Release and legacyEdit

"'Heroes'" was released in a variety of languages and lengths ("a collector's wet dream" in the words of NME editors Roy Carr and Charles Shaar Murray[12]). In contrast to the bewildering audio situation, the video (directed by Stanley Dorfman)[21] was a stark and simple affair, the singer captured performing the song in what appeared to be a single take with multiple cameras, swaying in front of a spotlight that created a monotone and near-silhouette effect. Despite a large promotional push, including Bowie's first live Top of the Pops appearance since 1973,[17] "'Heroes'" reached only number 24 in the UK charts, and failed to make the US Billboard Hot 100.

In Italy, the song was certified gold by the Federation of the Italian Music Industry.[22]

Writing for NME on its release, Charlie Gillett slated the record, saying: "Well he had a pretty good run for our money, for a guy who was no singer. But I think his time has been and gone, and this just sounds weary. Then again, maybe the ponderous heavy riff will be absorbed on the radio, and the monotonous feel may just be hypnotic enough to drag people into buying it. I hope not."[23] Despite the poor review it featured at number 6 in the NME's end of year critics poll for 1977.[24]

Later assessments were more favourable. In February 1999, Q magazine listed "'Heroes'" as one of the 100 greatest singles of all time as voted by the readers. In March 2005, the same magazine placed it at number 56 in its list of the 100 Greatest Guitar Tracks. In 2004, Rolling Stone rated "'Heroes'" number 46 in its list of The 500 Greatest Songs of All Time. It was included in 2008's The Pitchfork Media 500: Our Guide to the Greatest Songs from Punk to the Present. John J. Miller of National Review rated "'Heroes'" number 21 on a list of "the 50 greatest conservative rock songs"[25] due to its anti-Soviet political context. It has also become a gay anthem.[26][27] Uncut placed "'Heroes'" at number 1 in its 30 greatest Bowie songs in 2008.[28]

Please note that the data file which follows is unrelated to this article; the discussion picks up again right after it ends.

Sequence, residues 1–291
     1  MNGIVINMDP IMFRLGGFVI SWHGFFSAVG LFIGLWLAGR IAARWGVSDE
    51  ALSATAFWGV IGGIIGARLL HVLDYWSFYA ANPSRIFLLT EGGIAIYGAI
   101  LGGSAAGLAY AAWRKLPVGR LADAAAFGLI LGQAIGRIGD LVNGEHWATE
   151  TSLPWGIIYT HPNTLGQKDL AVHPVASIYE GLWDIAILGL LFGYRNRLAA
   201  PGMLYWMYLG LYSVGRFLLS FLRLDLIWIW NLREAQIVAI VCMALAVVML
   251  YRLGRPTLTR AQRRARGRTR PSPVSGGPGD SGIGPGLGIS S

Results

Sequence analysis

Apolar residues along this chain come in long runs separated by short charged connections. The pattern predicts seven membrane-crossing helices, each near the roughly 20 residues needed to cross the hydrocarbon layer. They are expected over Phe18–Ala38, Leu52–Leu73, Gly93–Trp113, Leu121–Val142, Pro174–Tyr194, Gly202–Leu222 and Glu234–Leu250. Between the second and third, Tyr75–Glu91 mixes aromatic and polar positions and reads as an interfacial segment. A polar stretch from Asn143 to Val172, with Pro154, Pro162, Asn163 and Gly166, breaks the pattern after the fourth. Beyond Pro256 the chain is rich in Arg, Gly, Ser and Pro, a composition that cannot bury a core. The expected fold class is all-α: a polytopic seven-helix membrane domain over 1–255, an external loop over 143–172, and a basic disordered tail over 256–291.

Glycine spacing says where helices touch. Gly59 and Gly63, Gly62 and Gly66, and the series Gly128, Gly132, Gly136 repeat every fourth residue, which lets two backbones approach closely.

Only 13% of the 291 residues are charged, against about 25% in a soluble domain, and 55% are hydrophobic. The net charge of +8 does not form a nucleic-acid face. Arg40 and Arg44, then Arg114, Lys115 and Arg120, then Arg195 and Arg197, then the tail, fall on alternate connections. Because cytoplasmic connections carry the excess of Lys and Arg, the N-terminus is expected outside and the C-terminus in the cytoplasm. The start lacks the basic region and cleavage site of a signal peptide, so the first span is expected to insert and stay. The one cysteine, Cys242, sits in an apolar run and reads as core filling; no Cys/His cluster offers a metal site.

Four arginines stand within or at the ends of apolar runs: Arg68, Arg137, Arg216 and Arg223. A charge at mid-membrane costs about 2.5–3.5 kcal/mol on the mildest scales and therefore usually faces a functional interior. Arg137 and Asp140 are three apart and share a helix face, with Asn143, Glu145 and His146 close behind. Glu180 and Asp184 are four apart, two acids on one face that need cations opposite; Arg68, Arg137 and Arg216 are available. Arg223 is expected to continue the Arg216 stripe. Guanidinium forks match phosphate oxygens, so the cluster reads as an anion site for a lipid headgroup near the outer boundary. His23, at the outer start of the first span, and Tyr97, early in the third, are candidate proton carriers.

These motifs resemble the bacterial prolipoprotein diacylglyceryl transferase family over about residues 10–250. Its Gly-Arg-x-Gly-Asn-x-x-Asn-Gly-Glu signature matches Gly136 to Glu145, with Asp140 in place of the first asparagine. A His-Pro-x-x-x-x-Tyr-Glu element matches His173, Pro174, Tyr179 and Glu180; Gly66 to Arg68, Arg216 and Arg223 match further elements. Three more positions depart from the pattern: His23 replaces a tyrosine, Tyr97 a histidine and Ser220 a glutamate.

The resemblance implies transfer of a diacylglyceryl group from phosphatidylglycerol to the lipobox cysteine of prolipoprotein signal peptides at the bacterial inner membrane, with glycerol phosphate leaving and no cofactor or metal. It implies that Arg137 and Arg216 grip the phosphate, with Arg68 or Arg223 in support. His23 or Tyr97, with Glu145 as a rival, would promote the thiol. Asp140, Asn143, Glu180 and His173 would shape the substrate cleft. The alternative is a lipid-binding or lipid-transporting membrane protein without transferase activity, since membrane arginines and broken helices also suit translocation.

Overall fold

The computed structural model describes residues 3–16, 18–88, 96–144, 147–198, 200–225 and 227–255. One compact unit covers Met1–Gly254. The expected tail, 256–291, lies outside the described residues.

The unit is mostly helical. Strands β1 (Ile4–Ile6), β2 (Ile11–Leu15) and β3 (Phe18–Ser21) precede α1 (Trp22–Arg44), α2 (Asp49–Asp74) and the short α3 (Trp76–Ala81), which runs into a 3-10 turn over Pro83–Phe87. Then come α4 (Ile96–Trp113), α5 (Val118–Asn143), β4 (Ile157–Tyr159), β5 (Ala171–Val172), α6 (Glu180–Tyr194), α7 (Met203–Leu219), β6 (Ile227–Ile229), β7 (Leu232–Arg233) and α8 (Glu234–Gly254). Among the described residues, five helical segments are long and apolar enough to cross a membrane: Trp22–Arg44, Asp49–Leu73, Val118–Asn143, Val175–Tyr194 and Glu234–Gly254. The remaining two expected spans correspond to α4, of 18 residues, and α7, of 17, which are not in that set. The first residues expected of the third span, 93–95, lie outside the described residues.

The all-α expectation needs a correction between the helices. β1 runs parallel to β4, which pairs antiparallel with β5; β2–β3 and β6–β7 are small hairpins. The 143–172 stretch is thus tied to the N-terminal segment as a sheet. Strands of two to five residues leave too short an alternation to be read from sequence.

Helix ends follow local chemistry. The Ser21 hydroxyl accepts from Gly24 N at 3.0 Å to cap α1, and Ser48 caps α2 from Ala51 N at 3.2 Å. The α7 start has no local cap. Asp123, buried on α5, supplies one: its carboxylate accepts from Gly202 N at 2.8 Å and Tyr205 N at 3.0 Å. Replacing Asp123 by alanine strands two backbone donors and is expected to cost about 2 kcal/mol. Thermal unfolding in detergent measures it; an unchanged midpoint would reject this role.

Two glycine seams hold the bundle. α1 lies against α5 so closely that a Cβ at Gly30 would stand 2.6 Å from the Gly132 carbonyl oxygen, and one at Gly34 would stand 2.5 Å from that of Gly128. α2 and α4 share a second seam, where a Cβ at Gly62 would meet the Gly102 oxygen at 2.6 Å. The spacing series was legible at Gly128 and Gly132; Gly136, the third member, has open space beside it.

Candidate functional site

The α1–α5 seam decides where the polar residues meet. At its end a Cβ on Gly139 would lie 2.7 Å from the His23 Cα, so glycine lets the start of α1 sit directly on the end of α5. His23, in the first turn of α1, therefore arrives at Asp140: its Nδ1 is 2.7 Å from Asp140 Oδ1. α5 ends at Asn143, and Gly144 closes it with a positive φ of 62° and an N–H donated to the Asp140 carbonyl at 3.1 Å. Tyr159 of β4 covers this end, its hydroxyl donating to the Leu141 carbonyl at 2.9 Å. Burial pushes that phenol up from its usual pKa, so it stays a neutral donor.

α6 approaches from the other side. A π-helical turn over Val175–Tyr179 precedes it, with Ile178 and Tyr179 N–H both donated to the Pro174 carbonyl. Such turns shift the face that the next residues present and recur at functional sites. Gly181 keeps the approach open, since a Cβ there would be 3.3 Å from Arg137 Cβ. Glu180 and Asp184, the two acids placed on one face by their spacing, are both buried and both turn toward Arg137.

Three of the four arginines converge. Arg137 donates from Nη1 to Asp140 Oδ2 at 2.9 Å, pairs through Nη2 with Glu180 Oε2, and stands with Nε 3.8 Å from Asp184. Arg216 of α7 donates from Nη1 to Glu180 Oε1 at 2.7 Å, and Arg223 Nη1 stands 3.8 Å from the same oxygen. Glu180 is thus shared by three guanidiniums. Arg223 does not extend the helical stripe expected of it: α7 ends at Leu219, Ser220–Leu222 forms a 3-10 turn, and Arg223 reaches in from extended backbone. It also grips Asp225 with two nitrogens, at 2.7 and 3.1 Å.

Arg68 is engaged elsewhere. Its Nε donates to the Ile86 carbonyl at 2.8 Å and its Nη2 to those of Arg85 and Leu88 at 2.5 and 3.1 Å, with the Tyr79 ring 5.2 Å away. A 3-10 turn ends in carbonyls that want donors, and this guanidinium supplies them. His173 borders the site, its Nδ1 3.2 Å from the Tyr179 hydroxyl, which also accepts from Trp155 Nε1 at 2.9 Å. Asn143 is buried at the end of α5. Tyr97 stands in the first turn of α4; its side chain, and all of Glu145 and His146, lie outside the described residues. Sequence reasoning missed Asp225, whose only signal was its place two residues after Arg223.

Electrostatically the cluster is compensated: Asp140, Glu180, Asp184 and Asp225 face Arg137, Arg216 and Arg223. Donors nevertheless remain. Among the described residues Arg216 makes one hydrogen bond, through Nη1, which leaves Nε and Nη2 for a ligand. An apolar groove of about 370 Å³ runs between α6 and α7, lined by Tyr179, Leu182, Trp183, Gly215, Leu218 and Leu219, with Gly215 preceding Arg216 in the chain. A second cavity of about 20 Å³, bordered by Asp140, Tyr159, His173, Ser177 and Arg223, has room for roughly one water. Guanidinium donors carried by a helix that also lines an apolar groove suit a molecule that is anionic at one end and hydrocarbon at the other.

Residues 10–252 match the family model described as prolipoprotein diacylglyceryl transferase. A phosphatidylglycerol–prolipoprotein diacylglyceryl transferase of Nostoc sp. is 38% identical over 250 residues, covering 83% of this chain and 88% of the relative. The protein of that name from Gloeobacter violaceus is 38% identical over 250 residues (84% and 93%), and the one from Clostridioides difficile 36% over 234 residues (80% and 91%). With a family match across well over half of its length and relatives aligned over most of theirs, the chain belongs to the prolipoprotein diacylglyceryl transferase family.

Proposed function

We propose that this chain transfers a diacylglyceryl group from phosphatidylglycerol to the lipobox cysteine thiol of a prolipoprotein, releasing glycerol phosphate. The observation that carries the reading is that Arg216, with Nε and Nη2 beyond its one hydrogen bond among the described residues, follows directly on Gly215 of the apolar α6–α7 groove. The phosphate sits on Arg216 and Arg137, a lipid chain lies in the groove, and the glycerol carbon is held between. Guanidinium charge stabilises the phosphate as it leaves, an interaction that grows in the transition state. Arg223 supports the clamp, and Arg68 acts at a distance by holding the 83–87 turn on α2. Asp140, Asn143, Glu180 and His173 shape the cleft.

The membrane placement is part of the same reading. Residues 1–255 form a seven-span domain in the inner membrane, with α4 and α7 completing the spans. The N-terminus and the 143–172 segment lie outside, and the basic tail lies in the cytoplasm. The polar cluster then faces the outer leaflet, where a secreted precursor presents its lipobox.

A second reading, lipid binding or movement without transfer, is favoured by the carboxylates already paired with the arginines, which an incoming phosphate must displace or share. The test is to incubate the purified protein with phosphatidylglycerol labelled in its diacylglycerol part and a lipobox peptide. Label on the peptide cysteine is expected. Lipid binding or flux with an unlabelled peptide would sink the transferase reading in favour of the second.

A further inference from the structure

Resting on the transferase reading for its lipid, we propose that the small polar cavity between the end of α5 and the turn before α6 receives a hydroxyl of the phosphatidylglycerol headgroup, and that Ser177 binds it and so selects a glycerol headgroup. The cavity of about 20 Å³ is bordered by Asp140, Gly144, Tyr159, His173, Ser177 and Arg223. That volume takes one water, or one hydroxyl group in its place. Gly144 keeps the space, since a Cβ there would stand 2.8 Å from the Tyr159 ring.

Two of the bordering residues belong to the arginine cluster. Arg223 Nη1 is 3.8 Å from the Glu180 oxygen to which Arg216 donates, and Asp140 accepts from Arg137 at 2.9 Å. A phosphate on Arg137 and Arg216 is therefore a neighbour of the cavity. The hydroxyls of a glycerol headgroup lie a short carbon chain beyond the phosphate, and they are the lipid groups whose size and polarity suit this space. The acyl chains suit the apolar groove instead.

Moby has said that "'Heroes'" is one of his favourite songs ever written, calling it "inevitable" that his music would be influenced by the song,[29] and Dave Gahan, the lead singer of Depeche Mode, was hired into the band when band founder Vince Clarke heard him singing "'Heroes'" at a jam session.[30]

Bowie regularly performed the song in concert. It was used in Chris Petit's film Radio On two years after its release. The song has become a mainstay of advertising in recent years, gracing efforts by Microsoft, Kodak, CGU Insurance, HBO Olé (HBO Latin America) and various sporting promoters throughout the world. It was also used as the intro to the video game NHL 99, released in 1998. "'Heroes'" also appears as downloadable content in the music video game series Rock Band in a three-song pack along with other Bowie songs "Moonage Daydream" and "Queen Bitch". The Australian television mockumentary We Can Be Heroes: Finding The Australian of the Year (title outside Australia: The Nominees) took its title from "'Heroes'". A cover of the single was used as ITV's theme song for its coverage of the 2006 FIFA World Cup.

"'Heroes'" is the main track of the 1981 german movie Wir Kinder vom Bahnhof Zoo, for which Bowie provided the music. The song was played during the party scene in the 2001 film Antitrust. In 2009, the song was played over the closing credits of both the documentary The Cove, and What Goes Up, and also featured in that film, important to the plot's message.

In May 2010, the song was played over the extended closing credits of the final episode of Ashes to Ashes, in keeping with the various David Bowie allusions throughout that series (and its predecessor Life on Mars).

In 2012 the track was played as athletes from Great Britain entered the Olympic Stadium during the 2012 Summer Olympics opening ceremony, and after medal ceremonies during the Olympics.[31] It was also used as the Great Britain Paralympic team entered the stadium during the opening ceremony on 29 August 2012. The same year, it was featured in the film The Perks of Being a Wallflower.[32] First heard on a pick-up truck radio by the main characters, the song is important to both "flying through the tunnel" scenes and played over the closing credits.

In 2013, the song was featured in the Daniel Radcliffe horror fantasy film, Horns.

In 2014, the song was featured in the premiere trailer for the Brazilian film Praia do Futuro.[33] The song was also played in "You Don't Have to Live Like a Referee", an episode of The Simpsons as Lisa is trying to figure out how to make Homer into a hero for a speech contest at school.

In the days following Bowie's death in January 2016, the song was streamed on Spotify more than any other Bowie song.[34] On Twitter the German Foreign Office paid homage to Bowie for "helping to bring down the wall".[35][36] It reached a new peak of number 12 in the UK after Bowie's death.[37]